the Romantics to create heroes about them. It was the age of George Washington,
Lafayette, Horatio Lord Nelson, Wellington, Thomas Jefferson, Lord Byron,
Kutusov, and, above all, Napoleon Bonaparte. This tendency was seized upon by
Friedrich Nietzsche (1844-1900) [pronounced "nee'chuh"], who
popularized the idea of the "superman", rising so far above the human norm that
he becomes the source of, rather than subject to, law and morality. Nietzsche
saw this ideal as being produced by the tensions and yearnings of the age, and
led him to announce that "God is dead".
The Romantic ideal, which some have proclaimed as the most significant
development in Western culture, is still very much with us. Romanticism rejected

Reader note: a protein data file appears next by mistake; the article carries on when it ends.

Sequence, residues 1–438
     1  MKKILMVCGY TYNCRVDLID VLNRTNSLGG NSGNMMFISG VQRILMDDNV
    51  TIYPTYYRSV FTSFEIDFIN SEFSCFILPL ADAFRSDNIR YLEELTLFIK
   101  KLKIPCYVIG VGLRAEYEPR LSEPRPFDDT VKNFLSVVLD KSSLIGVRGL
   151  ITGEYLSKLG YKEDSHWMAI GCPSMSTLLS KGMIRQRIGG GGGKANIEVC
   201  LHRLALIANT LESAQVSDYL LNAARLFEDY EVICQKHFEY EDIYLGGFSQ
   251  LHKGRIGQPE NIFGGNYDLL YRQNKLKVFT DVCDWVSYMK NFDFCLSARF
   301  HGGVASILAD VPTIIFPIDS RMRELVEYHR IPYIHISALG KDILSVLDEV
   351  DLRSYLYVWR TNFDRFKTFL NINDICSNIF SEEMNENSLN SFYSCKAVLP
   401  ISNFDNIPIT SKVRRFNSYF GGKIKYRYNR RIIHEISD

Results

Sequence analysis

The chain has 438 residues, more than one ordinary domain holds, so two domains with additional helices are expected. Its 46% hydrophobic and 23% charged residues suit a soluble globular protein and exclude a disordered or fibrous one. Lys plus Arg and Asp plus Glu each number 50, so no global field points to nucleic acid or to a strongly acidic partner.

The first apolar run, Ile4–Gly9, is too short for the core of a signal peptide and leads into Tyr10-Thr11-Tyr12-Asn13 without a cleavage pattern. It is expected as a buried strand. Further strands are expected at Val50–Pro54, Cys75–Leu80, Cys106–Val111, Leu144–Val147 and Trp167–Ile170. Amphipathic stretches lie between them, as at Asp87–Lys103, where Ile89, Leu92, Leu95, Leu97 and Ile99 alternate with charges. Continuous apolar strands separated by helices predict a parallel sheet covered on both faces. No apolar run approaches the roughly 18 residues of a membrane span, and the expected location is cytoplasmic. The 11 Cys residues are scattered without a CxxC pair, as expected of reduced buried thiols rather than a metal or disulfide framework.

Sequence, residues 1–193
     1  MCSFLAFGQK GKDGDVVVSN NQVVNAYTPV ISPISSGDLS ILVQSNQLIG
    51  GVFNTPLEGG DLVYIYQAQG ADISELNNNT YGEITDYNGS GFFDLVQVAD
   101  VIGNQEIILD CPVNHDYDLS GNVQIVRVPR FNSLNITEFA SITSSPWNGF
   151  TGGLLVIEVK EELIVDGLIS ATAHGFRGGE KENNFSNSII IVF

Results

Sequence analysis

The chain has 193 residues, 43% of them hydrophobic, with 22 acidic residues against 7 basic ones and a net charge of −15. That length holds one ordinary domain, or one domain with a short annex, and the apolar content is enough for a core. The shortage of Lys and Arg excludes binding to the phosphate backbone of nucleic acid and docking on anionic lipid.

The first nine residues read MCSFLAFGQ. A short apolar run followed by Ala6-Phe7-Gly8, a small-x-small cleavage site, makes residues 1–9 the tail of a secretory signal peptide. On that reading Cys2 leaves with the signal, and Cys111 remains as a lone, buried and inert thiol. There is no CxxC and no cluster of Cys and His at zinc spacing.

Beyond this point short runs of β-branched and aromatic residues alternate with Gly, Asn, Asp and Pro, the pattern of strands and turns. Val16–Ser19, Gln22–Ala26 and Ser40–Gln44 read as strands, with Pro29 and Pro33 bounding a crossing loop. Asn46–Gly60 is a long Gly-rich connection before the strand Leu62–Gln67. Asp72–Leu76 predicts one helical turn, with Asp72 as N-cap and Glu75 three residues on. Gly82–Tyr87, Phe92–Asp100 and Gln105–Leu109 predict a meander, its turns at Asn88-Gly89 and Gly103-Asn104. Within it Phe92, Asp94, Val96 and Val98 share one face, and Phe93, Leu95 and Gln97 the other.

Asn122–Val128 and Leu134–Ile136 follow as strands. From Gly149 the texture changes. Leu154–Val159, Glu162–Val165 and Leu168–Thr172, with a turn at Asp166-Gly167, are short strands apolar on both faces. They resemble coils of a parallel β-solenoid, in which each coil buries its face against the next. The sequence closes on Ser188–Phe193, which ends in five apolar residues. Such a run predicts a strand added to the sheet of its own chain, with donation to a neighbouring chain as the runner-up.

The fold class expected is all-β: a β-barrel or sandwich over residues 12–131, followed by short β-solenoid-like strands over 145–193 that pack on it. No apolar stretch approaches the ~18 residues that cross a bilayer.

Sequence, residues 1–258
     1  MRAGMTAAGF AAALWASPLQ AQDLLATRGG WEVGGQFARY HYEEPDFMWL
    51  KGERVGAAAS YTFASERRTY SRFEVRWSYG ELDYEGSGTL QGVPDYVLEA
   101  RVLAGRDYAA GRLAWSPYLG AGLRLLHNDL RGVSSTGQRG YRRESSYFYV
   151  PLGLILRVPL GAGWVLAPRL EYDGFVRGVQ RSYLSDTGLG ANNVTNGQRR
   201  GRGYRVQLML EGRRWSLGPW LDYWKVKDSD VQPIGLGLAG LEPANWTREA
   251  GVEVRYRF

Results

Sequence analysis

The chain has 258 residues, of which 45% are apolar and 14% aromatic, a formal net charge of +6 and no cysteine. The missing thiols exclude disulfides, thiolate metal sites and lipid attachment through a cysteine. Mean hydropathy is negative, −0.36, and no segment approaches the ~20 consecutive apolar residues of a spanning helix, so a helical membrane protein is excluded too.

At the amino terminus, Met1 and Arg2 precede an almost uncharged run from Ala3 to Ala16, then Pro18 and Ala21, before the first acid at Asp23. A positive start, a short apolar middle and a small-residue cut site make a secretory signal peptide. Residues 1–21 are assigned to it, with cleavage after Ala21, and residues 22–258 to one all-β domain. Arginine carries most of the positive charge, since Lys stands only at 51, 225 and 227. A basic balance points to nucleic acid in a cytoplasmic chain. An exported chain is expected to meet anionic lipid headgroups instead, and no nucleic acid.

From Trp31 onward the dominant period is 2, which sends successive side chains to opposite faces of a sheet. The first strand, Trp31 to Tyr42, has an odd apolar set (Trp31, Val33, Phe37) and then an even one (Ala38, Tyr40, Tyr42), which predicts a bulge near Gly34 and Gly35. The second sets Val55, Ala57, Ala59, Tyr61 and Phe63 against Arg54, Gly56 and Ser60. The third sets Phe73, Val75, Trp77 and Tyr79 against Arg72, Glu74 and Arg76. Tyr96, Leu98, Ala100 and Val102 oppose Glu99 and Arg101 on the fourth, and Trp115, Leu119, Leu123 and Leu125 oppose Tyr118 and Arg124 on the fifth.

rational thought, something which can be shared and bring individuals closer to
common understanding, in favor of "feeling," emotion, and personal experience,
things that are by nature private and cannot be shared, communicated, or
modified by civil discourse. Such a view of human nature exalts the individual,
but at the price of the society. Romanticism in the early nineteenth century had
given an impetus to those seeking the cultural origins of whatever group they
were members. It was the century in which the Grimm Brothers gathered Black
Forest fairytales of the Celtic revival in Wales, Ireland, and Brittany, of the
Catalan Renaixenca in Spain, of composers and scholars seeking folk music, and
many other such activities. This emphasis upon the revival of ethnic origins led
smoothly into the rise of a nationalism, the belief that a common national
heritage divides to world into "us and them." It also provided the foundation
for the concept of Cultural Relativism pioneered by Franz Boas